Two VRML models created by us:
Comments on Zipper:
Has been developed based on interesting ideas, but has not reached the point of being practical. It is well-documented. However, it is cumbersome to work with because of the very big number of triangles. In addition, it is not intuitive how to rotate in space and how to locate the 3D location of the triangles from the two dimensional screen. We found that the program was very slow at the gateway lab and that is crashed sometimes. It also requires a good monitor in order to visualize the structure.
In the first part of homework #1, the bunny rabbit, the scans were aligned, so it was simple to merge them. There were not many holes on them.
We tried to scan two objects, for the second part of this assignment: a walkman initially, and after that a toy (a cat, mistaken for a teddy bear initially). The parts of the walkman are so misaligned that it would take us a couple of days to manually align them and fill in the holes. A reason for that might be the peculiar surface of the walkman (smooth and shiny)
The scans of the cat were better which leads us to the conclusion that the best object to scan is probably one, that is almost rotationally symmetric, but has distinct features from all viewing directions which would allow the zipper program (and us, of course) to align them more precisely.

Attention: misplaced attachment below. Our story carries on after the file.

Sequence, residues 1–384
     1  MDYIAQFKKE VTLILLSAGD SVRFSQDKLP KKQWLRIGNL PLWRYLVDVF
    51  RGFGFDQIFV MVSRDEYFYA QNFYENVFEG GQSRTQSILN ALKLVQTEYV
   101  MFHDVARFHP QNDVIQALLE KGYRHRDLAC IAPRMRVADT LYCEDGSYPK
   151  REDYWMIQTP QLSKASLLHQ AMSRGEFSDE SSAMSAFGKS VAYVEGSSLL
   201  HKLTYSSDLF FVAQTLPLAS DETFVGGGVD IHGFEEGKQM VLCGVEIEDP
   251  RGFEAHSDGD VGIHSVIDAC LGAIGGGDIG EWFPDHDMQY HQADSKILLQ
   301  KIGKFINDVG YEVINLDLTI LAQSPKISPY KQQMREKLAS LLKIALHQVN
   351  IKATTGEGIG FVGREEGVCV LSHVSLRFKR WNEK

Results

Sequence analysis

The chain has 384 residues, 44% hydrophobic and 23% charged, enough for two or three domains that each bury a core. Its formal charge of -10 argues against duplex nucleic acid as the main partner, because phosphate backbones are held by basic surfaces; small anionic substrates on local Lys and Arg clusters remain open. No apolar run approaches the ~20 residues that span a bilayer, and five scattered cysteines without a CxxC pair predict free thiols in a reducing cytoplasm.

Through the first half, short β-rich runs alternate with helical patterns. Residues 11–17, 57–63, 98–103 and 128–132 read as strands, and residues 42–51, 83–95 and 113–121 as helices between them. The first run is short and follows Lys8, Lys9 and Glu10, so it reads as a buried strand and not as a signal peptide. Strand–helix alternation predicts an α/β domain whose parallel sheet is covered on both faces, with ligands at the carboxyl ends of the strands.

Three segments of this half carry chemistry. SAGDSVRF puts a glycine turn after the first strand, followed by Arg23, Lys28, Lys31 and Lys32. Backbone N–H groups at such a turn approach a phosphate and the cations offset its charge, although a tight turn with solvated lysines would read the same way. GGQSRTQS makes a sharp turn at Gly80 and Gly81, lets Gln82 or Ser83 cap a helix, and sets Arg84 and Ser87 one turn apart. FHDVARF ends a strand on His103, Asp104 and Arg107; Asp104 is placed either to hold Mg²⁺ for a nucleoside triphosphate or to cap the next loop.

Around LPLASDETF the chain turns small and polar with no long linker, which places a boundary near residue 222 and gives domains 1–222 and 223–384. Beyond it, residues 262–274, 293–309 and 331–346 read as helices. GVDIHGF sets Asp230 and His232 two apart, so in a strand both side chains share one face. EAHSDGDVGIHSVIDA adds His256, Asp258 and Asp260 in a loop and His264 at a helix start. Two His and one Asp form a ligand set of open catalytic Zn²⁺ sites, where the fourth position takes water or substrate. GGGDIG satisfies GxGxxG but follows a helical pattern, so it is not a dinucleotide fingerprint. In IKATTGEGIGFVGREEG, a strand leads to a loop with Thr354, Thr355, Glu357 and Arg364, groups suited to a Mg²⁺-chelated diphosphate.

The accuracy achieved, however, is much less than that of the bunny rabbit. One can clearly see where the manual work took place. Like in the bunny rabbit, most of the misalignments in the cat, were around the ears, but the cat had also holes where merge of two successive scans took place.
Aligning two scans requires that they have a common surface. Taking a third scan that overlaps with both of them is not always a solution because it leads to double (overlapping) surfaces. Furthermore, we found that aligning consecutive surfaces, that are supposed to lead to closed objects did not necessarily do so. Sometimes they lead to objects with open ends.
Comments on Quickslice:
Well-written program, compared to the other ones we worked with on this course. It did not crush. Our models were closed before using quickslice.
It's almost impossible in practice to create a complete model from scratch and then do the reconstruction. The easiest and fastest approach is to create a very simple model, establish the correspondences, do the reconstruction, and after that gradually adding the details.
Here are two reconstructed views taken at two almost opposite points of view: